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#1 lwang0622

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Posted 18 January 2017 - 04:51 PM

Hi, I'm a beginner and want to get into photography. Most of my underwater shots were shot JPEG, but I have recently upgraded my camera and can't wait to use it and shoot RAW.. Is it necessary to have BOTH lightroom and photoshop. I have photoshop and have been trying to learn it which will take me a while... do people then normally export to photoshop?? Should I splurge and purchase that too when the time comes? Any thoughts/preferences? Thanks!

 

Also what about video? I have adobe premiere elements which I like a lot but do people do color corrections before piecing together videos??


Edited by lwang0622, 18 January 2017 - 04:52 PM.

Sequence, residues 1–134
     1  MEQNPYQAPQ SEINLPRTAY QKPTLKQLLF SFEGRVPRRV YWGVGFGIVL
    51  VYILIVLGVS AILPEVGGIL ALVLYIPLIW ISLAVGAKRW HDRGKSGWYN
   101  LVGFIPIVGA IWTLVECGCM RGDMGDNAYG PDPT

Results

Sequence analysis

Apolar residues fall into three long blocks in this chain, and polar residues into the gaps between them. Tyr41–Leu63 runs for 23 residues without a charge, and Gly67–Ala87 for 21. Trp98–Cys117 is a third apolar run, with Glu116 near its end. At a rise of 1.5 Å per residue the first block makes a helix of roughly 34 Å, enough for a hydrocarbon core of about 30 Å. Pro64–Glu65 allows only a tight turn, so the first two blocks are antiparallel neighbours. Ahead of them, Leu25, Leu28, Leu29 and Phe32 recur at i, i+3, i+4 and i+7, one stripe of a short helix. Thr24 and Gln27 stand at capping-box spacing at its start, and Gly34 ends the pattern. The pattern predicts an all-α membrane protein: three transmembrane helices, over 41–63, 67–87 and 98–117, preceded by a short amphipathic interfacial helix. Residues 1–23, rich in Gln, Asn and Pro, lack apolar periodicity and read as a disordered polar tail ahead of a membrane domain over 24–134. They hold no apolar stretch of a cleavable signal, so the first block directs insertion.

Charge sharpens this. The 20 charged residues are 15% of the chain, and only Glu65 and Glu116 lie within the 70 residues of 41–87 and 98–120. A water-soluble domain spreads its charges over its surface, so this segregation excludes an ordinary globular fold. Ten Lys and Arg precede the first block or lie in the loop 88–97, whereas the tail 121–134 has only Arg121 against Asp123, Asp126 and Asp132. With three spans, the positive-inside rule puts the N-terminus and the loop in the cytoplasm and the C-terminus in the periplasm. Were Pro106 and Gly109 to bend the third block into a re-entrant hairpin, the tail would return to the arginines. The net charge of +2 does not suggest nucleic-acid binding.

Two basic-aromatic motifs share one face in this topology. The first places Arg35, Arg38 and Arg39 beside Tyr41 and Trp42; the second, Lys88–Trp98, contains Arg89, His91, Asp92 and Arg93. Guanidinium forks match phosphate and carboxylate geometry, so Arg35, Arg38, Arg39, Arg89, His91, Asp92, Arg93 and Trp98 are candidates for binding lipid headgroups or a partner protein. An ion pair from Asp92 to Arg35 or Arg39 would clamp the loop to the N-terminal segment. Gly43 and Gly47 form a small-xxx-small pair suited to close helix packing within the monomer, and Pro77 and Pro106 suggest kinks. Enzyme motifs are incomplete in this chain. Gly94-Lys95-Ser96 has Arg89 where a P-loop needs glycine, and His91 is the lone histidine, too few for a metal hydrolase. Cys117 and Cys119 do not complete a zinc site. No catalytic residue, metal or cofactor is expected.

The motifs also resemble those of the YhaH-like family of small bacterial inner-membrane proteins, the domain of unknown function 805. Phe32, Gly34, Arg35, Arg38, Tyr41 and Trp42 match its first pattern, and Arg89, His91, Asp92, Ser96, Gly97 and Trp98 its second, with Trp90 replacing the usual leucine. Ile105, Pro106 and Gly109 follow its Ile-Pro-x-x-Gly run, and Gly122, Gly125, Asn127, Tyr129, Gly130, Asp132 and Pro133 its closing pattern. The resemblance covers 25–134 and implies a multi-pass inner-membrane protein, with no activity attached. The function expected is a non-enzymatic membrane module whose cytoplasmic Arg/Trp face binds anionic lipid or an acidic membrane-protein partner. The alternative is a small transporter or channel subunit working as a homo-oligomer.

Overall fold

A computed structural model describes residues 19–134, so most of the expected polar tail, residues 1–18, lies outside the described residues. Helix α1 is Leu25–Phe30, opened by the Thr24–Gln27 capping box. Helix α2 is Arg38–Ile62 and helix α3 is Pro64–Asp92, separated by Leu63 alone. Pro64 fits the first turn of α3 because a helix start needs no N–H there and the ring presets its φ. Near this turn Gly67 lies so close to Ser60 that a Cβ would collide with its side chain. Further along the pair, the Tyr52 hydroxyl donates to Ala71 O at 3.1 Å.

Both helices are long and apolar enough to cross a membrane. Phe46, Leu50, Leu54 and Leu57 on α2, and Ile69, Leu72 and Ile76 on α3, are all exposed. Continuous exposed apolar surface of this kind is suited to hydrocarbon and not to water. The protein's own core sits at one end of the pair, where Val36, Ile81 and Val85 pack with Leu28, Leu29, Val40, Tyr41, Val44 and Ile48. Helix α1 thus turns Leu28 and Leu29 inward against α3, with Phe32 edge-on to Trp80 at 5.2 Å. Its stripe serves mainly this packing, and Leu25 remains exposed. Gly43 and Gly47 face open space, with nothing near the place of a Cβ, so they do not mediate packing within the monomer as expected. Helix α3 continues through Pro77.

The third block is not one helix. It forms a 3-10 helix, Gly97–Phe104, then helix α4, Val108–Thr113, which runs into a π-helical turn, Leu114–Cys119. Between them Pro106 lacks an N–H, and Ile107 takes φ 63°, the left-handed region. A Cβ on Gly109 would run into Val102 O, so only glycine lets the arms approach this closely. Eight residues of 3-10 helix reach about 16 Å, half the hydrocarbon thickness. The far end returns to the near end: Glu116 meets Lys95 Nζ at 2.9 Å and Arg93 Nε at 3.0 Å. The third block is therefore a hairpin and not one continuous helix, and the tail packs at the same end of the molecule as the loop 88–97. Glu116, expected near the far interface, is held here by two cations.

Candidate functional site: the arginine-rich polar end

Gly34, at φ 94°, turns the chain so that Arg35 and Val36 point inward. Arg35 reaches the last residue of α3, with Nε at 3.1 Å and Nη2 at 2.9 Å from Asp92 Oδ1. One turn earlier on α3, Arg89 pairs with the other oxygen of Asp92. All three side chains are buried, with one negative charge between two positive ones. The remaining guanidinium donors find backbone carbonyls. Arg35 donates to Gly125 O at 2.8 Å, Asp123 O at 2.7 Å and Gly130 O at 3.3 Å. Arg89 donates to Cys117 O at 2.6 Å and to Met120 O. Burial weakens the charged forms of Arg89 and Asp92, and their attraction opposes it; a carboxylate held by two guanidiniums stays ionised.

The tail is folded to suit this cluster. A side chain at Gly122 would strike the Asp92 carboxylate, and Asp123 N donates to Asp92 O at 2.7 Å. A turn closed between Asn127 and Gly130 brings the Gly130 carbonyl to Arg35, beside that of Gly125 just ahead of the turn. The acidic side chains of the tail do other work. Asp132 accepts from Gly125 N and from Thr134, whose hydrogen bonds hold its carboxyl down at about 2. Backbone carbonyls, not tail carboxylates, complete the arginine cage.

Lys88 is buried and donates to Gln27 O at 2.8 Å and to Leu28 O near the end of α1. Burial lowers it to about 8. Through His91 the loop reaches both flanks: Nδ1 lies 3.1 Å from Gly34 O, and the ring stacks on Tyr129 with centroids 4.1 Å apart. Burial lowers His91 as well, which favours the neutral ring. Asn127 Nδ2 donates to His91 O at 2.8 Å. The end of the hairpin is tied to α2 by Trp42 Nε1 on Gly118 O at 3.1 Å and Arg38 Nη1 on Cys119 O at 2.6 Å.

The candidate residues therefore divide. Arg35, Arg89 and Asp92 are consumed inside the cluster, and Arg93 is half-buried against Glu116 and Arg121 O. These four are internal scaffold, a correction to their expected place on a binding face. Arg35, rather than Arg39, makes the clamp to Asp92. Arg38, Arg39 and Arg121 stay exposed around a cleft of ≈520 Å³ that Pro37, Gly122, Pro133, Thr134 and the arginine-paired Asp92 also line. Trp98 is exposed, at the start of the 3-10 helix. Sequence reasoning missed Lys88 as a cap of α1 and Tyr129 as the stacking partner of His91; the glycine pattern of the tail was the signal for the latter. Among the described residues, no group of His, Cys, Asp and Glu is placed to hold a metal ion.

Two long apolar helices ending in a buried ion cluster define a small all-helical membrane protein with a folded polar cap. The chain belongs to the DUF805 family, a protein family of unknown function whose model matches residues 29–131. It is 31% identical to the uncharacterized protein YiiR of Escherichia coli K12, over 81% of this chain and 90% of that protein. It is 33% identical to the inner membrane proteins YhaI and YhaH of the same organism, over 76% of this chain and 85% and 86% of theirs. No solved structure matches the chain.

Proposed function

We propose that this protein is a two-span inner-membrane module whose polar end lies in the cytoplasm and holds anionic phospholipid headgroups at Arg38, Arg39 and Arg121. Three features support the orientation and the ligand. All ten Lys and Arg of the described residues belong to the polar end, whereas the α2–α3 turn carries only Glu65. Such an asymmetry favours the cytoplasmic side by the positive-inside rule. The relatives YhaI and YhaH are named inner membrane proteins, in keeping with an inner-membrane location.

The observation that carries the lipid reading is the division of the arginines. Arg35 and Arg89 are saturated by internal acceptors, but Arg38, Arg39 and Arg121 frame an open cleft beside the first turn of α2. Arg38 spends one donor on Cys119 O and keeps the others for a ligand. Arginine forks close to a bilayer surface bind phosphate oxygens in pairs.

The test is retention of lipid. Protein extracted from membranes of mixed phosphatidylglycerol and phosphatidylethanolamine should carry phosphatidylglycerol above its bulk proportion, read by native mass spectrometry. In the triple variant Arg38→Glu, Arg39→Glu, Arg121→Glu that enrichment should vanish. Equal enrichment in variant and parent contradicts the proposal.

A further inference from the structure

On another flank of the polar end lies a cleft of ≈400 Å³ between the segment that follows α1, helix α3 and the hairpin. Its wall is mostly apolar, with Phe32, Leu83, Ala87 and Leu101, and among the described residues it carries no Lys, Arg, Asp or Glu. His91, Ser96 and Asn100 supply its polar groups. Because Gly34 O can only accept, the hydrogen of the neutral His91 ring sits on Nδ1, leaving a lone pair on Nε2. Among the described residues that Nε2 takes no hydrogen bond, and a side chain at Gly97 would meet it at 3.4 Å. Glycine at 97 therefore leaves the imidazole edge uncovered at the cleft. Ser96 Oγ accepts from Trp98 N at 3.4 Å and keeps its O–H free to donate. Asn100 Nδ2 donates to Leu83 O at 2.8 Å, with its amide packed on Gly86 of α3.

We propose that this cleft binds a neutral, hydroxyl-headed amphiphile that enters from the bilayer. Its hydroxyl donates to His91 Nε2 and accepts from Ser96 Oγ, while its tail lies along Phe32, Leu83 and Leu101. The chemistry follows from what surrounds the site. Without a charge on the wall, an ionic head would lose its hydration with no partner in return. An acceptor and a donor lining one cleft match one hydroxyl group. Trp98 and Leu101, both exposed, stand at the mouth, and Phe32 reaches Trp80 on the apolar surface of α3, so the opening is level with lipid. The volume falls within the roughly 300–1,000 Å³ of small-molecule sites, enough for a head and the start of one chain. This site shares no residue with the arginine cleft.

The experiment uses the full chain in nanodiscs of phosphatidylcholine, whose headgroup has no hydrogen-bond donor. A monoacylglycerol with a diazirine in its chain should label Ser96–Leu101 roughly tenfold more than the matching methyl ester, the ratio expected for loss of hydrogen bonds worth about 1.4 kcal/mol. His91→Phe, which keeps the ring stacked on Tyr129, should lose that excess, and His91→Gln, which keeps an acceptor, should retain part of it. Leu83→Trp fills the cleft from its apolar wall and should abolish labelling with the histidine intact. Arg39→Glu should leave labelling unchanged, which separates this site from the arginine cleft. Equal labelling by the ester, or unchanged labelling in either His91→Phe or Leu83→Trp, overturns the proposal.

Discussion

#2 Stoo

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Posted 18 January 2017 - 05:10 PM

Hi.... Let me share how NOT to do it! ;-)

 

I use Photoshop almost exclusively. I'm reasonably capable with it. Because a certain amount of my stuff ends up in print, I need to be able to convert to the CMYK colour space. I don't think that Lightroom does, although I am likely wrong about that.

 

Where Lightroom shines is when you use it as a workflow... a way to sort, catelogue and edit your images. It sames tons of disk space. The most simple example of the benefit of it has to do with watermarks. The way I do things... I have a RAW file, I have an RGB jpg. In many cases, I have another jpeg with my watermark. In a tiny number of cases, I also have a LARGE CMYK tiff which is going to a magazine, or is being used to produce a calendar or possibly a poster. And then I wonder why I never have disk space!